Monday, 14 May 2012

Why You Don't Need Five a Day

I eat certain vegetables and fruits for their nutritional qualities and because I like the taste and texture.  However, I never weigh or measure out servings unless I'm writing a recipe and I don't ever worry if I only eat a couple of servings in a given day.  In another blog post, I'll have a rant about the government and food advertisers teaming up to back the  '5 A DAY ' campaign.  In this one, I just want to demonstrate that there is no evidence to back up the claim that we should be eating  five portions of fruit and vegetables every day.

Human Diets in Cold Climates

If we look at history, it's obvious that human beings do not require five servings of fruit and vegetables a day.  Homo Sapiens has been around for 200,000 years.  Agriculture developed around 10,000 years ago and spread to the British Isles between 4000 and 2000 BC.  In  pre-agricultural Northern Europe, fruits and vegetables would have only been available at certain times of the year.  Even after the development of farming, lack of modern methods of preservation would mean that the supply of vegetables, and especially fruits, would be scarce during winter and spring.  Nevertheless, people managed to survive and thrive.

Up until the 20th century, the Inuit tribes living near the arctic circle had very limited access to fruits or vegetables.  On land, they hunted reindeer, moose, ptarmigan and waterfowl.  They also ate seal, whale and plenty of oily fish.  During the height of summer, they gathered berries, roots and greens.  For most of the year they were carnivores.  These tribes were incredibly healthy until many began to adopt a modern Western diet, at which point the incidence of heart disease and diabetes skyrocketed.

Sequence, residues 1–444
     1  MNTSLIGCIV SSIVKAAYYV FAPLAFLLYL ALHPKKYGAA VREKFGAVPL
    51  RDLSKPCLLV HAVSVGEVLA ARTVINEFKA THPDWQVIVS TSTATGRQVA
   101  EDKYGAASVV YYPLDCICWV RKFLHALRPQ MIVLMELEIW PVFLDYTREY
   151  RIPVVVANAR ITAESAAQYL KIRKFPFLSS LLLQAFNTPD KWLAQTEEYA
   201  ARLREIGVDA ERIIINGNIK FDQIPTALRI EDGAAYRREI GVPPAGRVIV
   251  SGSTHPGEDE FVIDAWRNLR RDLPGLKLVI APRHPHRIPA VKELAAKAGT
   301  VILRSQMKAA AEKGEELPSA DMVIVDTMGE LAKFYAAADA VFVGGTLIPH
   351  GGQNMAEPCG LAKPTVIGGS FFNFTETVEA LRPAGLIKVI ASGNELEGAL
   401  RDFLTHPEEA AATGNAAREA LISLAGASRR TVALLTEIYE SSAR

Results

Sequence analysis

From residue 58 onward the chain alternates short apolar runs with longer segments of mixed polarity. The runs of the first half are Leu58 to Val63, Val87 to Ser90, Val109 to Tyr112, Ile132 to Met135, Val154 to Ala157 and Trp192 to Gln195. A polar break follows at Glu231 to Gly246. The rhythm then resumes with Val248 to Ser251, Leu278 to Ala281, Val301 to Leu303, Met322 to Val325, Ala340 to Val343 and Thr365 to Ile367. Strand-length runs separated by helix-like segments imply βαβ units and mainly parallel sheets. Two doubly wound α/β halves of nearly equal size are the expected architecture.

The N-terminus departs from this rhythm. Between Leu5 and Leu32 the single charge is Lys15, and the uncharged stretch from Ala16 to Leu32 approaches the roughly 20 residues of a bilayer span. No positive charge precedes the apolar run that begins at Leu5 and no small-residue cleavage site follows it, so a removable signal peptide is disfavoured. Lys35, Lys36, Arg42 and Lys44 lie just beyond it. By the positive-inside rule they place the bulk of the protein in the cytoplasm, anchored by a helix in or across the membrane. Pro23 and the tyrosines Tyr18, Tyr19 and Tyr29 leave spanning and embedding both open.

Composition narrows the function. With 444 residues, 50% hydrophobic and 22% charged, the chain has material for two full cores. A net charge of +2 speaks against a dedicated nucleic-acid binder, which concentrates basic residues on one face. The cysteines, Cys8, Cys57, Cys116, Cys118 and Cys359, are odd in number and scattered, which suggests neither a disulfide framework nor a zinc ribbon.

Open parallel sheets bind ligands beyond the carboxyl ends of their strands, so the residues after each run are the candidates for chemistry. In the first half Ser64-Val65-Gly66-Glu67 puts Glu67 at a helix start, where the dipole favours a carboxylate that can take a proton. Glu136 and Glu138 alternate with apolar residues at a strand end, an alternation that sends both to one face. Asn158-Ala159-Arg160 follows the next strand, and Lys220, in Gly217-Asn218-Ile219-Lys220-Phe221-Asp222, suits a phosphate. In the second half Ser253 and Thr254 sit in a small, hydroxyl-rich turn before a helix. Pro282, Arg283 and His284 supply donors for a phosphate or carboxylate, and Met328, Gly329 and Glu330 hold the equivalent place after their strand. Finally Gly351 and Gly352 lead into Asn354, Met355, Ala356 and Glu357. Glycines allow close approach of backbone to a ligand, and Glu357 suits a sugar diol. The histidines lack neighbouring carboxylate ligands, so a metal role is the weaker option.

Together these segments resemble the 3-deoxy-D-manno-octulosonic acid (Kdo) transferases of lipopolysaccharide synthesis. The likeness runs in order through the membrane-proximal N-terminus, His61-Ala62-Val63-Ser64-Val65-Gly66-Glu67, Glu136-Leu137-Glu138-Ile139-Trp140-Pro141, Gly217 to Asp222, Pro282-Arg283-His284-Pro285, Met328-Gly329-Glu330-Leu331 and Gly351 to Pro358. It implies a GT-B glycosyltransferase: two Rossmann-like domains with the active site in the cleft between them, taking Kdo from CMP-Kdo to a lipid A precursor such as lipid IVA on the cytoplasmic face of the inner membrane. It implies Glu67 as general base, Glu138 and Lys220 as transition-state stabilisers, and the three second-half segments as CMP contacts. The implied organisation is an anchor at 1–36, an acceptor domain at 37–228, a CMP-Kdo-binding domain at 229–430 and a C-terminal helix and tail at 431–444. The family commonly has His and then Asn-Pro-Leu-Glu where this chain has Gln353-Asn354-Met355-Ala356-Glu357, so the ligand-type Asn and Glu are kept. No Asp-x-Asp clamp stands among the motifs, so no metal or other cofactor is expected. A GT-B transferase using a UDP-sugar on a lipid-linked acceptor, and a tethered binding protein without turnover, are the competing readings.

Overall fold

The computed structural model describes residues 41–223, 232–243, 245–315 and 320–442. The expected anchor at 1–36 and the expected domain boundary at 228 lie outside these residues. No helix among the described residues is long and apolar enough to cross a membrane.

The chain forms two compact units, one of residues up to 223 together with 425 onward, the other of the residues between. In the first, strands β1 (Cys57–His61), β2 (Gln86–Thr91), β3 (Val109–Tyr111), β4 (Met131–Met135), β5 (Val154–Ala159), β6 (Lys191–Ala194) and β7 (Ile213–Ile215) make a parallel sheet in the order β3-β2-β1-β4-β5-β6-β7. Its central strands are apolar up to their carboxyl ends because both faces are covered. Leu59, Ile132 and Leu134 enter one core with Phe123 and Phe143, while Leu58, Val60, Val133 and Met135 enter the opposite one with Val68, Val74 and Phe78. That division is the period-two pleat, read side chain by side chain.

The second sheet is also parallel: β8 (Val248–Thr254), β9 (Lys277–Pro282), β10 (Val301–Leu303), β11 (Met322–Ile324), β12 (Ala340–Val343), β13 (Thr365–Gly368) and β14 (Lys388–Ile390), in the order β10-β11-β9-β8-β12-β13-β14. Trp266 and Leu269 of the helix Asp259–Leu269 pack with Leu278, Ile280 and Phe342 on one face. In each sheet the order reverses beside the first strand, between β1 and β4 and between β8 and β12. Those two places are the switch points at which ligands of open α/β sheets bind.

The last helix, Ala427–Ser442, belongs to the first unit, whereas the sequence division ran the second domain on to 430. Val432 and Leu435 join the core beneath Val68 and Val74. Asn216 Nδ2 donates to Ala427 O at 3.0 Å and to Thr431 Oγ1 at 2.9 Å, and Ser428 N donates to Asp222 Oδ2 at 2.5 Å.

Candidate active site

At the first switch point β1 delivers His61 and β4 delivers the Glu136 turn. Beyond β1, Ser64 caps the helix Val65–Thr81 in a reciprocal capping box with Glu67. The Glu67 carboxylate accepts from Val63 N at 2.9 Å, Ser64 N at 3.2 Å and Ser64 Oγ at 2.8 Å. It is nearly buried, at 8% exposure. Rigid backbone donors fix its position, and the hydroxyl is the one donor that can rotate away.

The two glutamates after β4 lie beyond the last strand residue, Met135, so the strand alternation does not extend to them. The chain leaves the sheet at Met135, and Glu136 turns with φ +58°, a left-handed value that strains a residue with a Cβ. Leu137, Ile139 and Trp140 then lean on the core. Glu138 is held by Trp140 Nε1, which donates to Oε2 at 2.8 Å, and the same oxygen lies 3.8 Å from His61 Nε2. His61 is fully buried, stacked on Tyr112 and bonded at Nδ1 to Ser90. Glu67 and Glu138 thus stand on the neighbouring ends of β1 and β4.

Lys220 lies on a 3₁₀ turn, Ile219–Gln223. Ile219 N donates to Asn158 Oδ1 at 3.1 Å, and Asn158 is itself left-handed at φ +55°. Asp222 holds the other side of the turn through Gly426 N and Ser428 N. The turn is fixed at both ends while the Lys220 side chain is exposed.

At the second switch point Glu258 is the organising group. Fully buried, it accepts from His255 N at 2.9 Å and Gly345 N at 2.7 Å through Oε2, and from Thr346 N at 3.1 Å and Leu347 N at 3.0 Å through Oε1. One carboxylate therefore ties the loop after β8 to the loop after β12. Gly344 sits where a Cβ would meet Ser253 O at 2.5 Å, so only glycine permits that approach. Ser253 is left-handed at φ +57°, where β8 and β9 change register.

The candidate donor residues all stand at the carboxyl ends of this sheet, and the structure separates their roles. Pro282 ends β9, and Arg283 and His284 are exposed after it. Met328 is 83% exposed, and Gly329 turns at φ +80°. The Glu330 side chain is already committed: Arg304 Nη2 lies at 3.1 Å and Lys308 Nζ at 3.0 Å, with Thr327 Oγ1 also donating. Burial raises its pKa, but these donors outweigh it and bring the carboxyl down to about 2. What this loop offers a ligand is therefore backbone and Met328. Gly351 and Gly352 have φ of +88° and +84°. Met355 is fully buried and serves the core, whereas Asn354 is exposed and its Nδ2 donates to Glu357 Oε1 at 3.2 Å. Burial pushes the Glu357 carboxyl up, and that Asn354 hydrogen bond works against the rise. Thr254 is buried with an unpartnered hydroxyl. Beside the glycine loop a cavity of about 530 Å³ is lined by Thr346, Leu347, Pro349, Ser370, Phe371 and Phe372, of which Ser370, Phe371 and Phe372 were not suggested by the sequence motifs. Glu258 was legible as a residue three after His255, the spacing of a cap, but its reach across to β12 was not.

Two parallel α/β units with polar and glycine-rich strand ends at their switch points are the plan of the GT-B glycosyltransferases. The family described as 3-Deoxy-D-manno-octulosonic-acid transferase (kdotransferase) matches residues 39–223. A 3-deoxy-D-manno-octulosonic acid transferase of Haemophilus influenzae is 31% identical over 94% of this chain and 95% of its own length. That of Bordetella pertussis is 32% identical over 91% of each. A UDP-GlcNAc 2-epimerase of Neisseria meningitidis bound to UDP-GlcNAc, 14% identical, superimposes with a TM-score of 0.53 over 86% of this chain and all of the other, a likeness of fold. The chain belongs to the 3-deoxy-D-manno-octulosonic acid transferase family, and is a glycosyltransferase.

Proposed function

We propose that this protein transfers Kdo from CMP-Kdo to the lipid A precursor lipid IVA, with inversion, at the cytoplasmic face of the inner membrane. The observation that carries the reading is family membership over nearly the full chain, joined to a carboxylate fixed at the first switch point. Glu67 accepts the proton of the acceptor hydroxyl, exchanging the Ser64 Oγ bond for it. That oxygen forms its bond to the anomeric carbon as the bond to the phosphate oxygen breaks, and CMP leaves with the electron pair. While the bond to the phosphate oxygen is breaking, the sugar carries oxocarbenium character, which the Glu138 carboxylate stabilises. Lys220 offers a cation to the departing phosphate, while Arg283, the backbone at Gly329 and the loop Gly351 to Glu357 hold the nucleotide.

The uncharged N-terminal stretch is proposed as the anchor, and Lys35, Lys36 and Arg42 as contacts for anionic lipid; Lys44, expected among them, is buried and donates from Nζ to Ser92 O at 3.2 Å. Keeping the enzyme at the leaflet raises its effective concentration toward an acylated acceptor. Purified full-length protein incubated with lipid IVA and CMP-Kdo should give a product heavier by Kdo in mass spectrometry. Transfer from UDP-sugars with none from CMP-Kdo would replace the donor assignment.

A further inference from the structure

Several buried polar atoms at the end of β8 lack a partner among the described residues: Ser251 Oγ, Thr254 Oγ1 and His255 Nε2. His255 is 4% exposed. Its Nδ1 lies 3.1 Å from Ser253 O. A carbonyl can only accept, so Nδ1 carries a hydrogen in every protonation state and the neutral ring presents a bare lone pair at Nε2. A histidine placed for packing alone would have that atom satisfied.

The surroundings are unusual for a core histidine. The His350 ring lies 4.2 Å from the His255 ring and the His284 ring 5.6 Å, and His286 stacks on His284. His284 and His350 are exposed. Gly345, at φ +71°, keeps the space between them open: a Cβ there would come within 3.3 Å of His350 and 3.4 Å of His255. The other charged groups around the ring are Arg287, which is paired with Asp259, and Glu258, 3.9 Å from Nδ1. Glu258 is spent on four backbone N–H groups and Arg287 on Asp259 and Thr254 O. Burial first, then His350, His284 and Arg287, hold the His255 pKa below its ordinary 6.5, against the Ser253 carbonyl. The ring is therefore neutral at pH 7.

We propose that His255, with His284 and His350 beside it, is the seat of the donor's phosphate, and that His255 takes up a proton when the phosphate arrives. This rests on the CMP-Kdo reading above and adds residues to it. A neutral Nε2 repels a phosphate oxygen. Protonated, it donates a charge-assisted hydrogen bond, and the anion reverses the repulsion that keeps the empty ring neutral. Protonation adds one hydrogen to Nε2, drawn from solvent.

Human beings can get all the vitamins and minerals they need from animal sources - as long as they aren't picky about which bits they eat.  Fish oil and eggs are both  good source of vitamins A and D.  Organ meats like liver and brains contain vitamin C. 


Scientific Studies

The largest studies ever conducted to look into the effects of fruit and vegetable consumption on disease prevention have not found any conclusive evidence to support the 5 A DAY recommendations.

The Women’s Health Initiative Dietary Modification Trial (WHIDMT) followed 48,835 postmenopausal women over eight years from 1993 - 1998.  Approximately 20,000 of them were assigned to a dietary modification intervention group.  The intervention goal was to reduce total fat intake and to increase consumption of vegetables, fruits and grains.  Comparing the two groups, researchers found that the dietary intervention did not significantly reduce the incidence of breast cancer, colorectal cancer, ovarian cancer, endometrial cancer, heart disease or stroke.  The dietary intervention also had no effect on the women's weight.

An article published in the April 2010 Journal of the National Cancer Institute reviewed data from the European Prospective Investigation into Cancer study,  This study looked into the diets of 142,605 men and 335,873 women from ten European countries between 1992 - 2000.  The authors concluded that 'the observed association of cancer risk overall with vegetable and fruit intake was very weak.'  And 'given the small magnitude of the observed associations, caution should be applied in interpretation of the results.'  They note that 'a higher intake of fruits and vegetables was also associated with other lifestyle variables, such as lower intake of alcohol, never-smoking, short duration of tobacco smoking, and higher level of physical activity, which may have contributed to a lower cancer risk.'

Fruit and vegetables can be a healthy substitute for junk food and processed foods, but the benefits depend on making informed choices.  Simply getting five portions every day without considering the rest of your diet is unlikely to lower your risk of disease or help you to lose weight.

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